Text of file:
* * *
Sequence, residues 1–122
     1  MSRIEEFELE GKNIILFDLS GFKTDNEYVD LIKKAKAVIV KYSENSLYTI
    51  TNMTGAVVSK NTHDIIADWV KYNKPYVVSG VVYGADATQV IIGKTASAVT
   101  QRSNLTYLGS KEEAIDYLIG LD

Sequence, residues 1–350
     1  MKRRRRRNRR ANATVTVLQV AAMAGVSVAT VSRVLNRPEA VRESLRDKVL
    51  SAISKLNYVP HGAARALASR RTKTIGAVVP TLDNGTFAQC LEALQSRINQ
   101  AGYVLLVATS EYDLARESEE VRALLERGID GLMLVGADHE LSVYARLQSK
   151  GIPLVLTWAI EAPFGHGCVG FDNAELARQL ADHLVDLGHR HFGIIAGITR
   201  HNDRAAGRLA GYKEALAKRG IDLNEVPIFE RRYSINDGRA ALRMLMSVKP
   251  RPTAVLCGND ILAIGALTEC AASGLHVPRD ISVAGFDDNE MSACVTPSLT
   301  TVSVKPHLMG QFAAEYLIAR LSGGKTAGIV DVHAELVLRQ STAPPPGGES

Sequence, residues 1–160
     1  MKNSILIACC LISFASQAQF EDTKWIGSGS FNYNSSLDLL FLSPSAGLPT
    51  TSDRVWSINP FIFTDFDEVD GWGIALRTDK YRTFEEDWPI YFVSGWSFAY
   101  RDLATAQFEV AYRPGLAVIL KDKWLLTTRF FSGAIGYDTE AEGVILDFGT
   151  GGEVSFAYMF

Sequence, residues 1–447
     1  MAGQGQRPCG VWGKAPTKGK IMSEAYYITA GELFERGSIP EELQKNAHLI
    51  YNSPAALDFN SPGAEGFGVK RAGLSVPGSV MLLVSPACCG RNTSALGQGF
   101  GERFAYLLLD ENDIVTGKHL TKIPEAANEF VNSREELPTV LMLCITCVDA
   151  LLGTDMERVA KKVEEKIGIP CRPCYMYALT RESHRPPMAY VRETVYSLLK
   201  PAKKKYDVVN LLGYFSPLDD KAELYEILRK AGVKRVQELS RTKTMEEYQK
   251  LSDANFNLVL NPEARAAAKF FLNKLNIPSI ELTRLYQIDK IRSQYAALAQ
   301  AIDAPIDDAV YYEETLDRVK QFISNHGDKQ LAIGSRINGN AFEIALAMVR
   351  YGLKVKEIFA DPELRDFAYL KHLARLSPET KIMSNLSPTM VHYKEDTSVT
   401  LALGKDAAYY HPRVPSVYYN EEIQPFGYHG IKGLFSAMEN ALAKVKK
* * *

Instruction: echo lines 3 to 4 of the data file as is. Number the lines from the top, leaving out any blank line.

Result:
    51  TNMTGAVVSK NTHDIIADWV KYNKPYVVSG VVYGADATQV IIGKTASAVT
   101  QRSNLTYLGS KEEAIDYLIG LD